News from A Parallel Dimension

29 01 2010

“Crimes under international law by their very nature often require the direct or indirect participation of a number of individuals at least some of whom are in positions of governmental authority or military command”

The Courtroom echoes to the sound of excited chatter. Cameras and news-crews jostle for space among the legal teams and their respective documentation. In the dock the two defendants sit quietly, awaiting the arrival of those who will pass judgement. A hush descends as the Judges enter and the Prosecutor stands to address the defendants.

In a clear, confident voice he instructs them to stand and reads the list of charges against former President George Bush and former Prime Minster Tony Blair. They are accused of war crimes against the state of Iraq, of being responsible for deaths of many thousands of Iraqi civilians and of direct contribution to the continuing civil war which has raged since the forced removal of the Iraqi leader, Saddam Hussain.

They will plead not guilty.

It is obvious that at this moment in time the above scenario is merely a fictional one. Neither of the individuals mentioned have been charged with any crime against humanity and whilst world attention has shifted to Afghanistan, the situation in Iraq continues to claim lives.

Tony Blair has, however, appeared in front of the Iraq Enquiry in London and high on the list of questions were issues relating to the WMDs  and whether international leaders have the right to decide who should be in power in other sovereign states.

For Bush and Blair, the existence of  Saddam Hussein in Iraq could no longer be tolerated.

Blair maintains that  Saddam was a “monster and I believe he threatened not just the region but the world.”

He also said that ” it was better to deal with this threat, to remove him from office and I do genuinely believe the world is a safer place as a result.”

He told the inquiry if Saddam had not been removed “today we would have a situation where Iraq was competing with Iran” both in terms of nuclear capability and “in respect of support of terrorist groups. “The decision I took – and frankly would take again – was if there was any possibility that he could develop weapons of mass destruction we should stop him”.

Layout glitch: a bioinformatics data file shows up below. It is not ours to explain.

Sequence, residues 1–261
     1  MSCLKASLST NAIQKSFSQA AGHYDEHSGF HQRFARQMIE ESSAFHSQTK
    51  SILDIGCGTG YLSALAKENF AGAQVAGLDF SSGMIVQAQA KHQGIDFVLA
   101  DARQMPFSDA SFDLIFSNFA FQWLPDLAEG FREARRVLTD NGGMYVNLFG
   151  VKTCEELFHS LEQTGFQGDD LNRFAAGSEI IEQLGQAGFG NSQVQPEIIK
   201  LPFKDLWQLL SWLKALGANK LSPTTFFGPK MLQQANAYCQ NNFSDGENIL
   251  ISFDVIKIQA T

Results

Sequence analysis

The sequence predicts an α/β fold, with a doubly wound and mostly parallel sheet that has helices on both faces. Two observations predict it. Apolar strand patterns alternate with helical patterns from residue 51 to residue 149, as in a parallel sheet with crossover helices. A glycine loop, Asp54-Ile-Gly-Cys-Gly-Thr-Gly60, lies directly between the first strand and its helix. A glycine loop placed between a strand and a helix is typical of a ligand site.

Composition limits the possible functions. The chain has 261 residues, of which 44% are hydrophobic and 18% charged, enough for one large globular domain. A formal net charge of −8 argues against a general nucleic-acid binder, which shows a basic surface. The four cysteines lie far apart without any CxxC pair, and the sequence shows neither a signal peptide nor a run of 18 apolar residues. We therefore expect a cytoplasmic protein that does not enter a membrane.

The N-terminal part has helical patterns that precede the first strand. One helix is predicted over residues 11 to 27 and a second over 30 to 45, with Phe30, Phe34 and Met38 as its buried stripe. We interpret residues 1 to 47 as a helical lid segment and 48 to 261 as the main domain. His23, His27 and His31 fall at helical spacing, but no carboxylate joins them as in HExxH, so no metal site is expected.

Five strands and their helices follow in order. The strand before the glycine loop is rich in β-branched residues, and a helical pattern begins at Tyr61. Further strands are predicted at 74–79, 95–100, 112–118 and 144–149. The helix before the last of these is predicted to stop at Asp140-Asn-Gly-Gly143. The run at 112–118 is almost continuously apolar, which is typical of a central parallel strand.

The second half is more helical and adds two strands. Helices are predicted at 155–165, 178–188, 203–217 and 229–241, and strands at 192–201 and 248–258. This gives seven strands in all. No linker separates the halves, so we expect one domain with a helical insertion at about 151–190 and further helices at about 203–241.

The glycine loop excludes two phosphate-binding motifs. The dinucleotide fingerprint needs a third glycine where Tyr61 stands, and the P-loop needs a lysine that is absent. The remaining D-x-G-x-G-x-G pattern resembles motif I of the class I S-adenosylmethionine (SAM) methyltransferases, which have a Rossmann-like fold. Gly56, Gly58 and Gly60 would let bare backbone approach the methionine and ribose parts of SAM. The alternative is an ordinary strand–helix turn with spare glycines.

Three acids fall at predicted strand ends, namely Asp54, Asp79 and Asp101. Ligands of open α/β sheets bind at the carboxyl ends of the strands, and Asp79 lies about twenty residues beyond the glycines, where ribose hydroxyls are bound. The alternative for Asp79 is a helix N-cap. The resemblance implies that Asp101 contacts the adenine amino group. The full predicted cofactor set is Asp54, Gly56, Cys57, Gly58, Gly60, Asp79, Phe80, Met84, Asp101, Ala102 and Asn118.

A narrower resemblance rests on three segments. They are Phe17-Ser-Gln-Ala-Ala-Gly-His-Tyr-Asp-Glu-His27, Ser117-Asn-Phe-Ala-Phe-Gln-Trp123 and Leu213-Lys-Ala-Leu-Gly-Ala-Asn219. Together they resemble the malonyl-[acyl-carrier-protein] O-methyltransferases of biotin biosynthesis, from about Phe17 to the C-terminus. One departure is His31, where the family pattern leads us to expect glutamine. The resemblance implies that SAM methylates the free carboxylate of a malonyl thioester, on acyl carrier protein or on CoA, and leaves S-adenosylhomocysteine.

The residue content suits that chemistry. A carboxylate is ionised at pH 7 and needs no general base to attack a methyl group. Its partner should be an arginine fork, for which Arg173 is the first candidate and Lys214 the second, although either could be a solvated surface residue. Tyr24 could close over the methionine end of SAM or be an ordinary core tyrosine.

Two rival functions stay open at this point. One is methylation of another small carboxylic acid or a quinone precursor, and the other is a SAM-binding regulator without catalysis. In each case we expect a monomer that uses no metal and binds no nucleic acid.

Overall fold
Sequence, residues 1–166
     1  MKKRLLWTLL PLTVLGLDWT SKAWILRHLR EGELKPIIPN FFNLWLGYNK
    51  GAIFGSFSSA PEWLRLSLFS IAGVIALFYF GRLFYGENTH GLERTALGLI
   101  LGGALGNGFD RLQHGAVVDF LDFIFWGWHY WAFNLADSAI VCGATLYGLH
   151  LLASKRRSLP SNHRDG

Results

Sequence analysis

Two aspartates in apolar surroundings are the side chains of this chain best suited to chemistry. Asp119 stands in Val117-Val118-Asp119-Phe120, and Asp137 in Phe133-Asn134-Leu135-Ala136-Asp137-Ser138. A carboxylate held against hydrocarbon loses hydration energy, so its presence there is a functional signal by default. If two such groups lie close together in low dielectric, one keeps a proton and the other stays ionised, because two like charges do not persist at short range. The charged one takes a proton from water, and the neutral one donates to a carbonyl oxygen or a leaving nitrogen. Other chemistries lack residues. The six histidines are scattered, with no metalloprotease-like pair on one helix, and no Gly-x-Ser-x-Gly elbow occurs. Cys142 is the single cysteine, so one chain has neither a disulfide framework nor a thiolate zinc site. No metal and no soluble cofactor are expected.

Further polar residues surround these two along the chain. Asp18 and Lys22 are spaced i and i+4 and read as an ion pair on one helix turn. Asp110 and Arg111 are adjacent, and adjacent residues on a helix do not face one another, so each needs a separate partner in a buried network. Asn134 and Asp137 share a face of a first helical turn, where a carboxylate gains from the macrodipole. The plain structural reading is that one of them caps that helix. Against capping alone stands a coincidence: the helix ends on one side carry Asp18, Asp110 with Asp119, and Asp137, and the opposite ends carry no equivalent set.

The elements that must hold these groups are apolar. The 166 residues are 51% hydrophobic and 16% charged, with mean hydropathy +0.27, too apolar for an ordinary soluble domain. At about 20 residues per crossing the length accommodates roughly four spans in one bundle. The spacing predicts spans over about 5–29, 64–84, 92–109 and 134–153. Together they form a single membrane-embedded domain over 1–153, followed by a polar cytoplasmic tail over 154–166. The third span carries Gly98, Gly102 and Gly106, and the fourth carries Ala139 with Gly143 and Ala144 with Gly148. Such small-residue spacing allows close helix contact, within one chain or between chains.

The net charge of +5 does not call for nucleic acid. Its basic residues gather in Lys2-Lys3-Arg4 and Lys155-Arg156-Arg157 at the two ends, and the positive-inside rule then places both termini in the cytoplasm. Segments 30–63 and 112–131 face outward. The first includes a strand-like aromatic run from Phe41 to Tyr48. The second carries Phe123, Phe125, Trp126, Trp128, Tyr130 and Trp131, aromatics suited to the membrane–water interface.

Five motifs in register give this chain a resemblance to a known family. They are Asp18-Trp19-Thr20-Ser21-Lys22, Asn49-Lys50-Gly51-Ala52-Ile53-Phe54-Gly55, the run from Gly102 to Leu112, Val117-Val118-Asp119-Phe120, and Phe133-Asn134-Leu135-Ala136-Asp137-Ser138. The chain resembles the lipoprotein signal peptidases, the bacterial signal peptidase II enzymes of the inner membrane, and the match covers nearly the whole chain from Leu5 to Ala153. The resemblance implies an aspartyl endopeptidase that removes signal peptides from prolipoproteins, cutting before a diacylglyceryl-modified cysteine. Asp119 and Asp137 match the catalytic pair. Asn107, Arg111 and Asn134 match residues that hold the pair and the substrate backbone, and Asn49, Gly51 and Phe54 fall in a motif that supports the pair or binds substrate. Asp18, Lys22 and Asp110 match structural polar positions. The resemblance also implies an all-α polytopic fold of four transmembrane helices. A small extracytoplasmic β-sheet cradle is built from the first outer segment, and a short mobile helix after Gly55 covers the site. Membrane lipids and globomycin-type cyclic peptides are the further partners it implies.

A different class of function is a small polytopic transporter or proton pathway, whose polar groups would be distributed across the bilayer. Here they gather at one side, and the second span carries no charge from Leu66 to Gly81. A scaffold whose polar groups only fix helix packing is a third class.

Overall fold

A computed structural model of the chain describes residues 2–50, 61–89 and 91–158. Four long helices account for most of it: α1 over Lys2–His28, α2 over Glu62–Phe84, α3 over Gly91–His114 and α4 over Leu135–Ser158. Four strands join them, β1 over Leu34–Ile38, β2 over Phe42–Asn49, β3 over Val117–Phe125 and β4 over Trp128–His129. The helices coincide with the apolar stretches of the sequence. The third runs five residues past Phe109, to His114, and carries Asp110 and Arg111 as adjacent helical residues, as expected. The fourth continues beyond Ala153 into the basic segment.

That clears it up perfectly, Saddam was a POTENTIAL threat, who MAY have developed WMDs at some point in the FUTURE.

So the Iraq War is entirely justified. And the world is now a safer place, the Iraqi people are much better off and we can sleep safely in our beds knowing that our elected leaders are taking decisions with our best interests at heart.

If you believe that, then you probably also still think that Paris Hilton serves some useful purpose.

Questions must be asked, however, of who assumes responsibility for acts carried out during war?

At what point do the actions of an individual or group of individuals become directly attributable to a human catastrophe?

Are the leaders of States immune from prosecution or are the individuals they command the ones who should be those to face trial?

Under International Law, will the guilty ever stand trial?

Bush and Blair will (in all probability) not face trial, especially in a world where other states and individuals are carrying out crimes that are more obvious breaches of Ius Cogens.

The fact remains that under the umbrella of Western democracy, politicians can make decisions safe in the knowledge that it is unlikely that they will be brought to task for their actions.

The final word goes to Kofi Annan (former Sec General of the UN) who hoped that ““the innocents of distant wars and conflicts know that they, too, may sleep under the cover of justice; that they, too, have rights, and that those who violate those rights will be punished.”

When leaders decide to act, the innocents are the last thing on their mind.




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